Description

Worker

(figs. III-47 to III-52): Small to moderately sized species (HW 0.59- 1.25 mm, TL 3.0-4.5 mm); variable coloration and sculpturing; head, alitrunk, and gaster sparsely to densely pilose, mostly pubescent. Scapus usually with short erect hairs, the longest hairs shorter than maximum width of scapus; funiculus, apart from first segment, void of erect hairs; occipital margin of head in full face view mostly concavely emarginate; head about as wide as long; antennae moderately long (SI 71-114). Alitrunk unarmed; mesonotum rounded and only moderately vaulted; propodeum (incl. Metapleura) mostly distinctly narrower than pronotum (AWI 130-200); propodeum mostly somewhat rising, its declivitous face varying from not to distinctly concave, its rising dorsal face always with erect hairs; petiole scale in dorsal view mostly compressed, i. e. distinctl y wider than long; its dorsal margin usually emarginate.

Queen

(known from Dolichoderus affinis, Dolichoderus taprobanae, Dolichoderus thoracicus; additional unidentified or undescribed material (MDC) has been examined) (figs. III-53, III-54): Shape of head, pubescence and pilosity as in workers. Winged, with typical flight thorax and separated flight sclerites; scutum and scutellum less distinctively vaulted than in Dolichoderus sulcaticeps group; petiolus scale only moderately wide (PtW/HW x 100: 33-48).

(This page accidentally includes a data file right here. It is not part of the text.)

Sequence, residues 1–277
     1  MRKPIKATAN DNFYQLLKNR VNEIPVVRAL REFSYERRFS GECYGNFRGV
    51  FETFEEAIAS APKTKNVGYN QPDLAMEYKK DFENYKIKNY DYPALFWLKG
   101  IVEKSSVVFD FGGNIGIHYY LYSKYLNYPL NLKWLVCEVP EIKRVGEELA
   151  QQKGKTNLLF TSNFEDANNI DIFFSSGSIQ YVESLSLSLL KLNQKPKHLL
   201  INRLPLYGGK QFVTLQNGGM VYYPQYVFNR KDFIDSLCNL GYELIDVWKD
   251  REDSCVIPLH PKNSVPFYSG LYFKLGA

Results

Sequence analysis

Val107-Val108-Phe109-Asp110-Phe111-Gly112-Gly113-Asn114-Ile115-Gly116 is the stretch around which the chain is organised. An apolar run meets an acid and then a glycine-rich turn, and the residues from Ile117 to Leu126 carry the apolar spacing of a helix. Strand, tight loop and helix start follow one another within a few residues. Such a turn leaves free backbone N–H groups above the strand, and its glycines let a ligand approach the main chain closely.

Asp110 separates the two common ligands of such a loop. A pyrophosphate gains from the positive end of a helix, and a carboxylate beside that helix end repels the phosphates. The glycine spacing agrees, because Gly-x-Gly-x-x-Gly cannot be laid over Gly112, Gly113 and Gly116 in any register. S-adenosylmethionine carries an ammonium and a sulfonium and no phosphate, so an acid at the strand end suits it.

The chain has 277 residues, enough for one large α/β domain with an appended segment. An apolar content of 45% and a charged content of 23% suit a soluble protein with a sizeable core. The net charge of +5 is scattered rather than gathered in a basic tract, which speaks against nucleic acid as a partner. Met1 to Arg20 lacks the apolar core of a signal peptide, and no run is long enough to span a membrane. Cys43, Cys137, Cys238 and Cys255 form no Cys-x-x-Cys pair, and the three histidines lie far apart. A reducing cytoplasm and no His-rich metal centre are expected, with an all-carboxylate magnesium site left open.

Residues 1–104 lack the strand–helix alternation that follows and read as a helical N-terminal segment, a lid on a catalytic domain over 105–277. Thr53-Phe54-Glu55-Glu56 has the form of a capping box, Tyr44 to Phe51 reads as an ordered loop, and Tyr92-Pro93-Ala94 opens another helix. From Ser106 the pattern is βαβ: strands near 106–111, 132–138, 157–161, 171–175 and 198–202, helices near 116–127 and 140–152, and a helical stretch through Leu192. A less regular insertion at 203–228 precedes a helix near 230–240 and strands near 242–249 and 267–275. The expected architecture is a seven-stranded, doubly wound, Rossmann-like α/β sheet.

Male

(not yet described; males of six different, partly unidentitied or undescribed species have been examined, including thoracicus, near thoracicus, affinis and near taprobanae) (figs. III-55, III-56): In general similar to those of the Dolichoderus cuspidatus group (e. g. shape of antennal segments, alitrunk and genitalia) but dorsal surface pilose, usually smaller (HW 0.84-1.12, HL 0.68-0.83; n = 25), relatively smaller eyes (OI 38-44, OI3 26-29, OI4 31-39; n = 25), and relatively shorter mandibles (Mdl 25-38, MdCI 68-138; n = 25); subgenital plates u- or v-shaped (figs. III-55c-d, III-56b).

Notes

In comparison to the cuspidatus and the sulcaticeps group, the thoracicus group appears to be biologically heterogenous. It comprises generalists with very flexible, opportunistic lifestyles as well as biologically highly specialized builders of carton and spider silk pavilion nests (e. g. Maschwitz, Dumpert et al. 1991, corrected in Dumpert 1994; Rohe 1990, 1991; Way & Khoo 1991; see also remarks on biology in chapter III.5.4). As far as data are available, the species are highly polygynous (affinis, burmanicus, thoracicus, as well as several unidentified species collected by the author). This feature also distinguishes the group from the strictly monogynous cuspidatus group.

Related Pages

References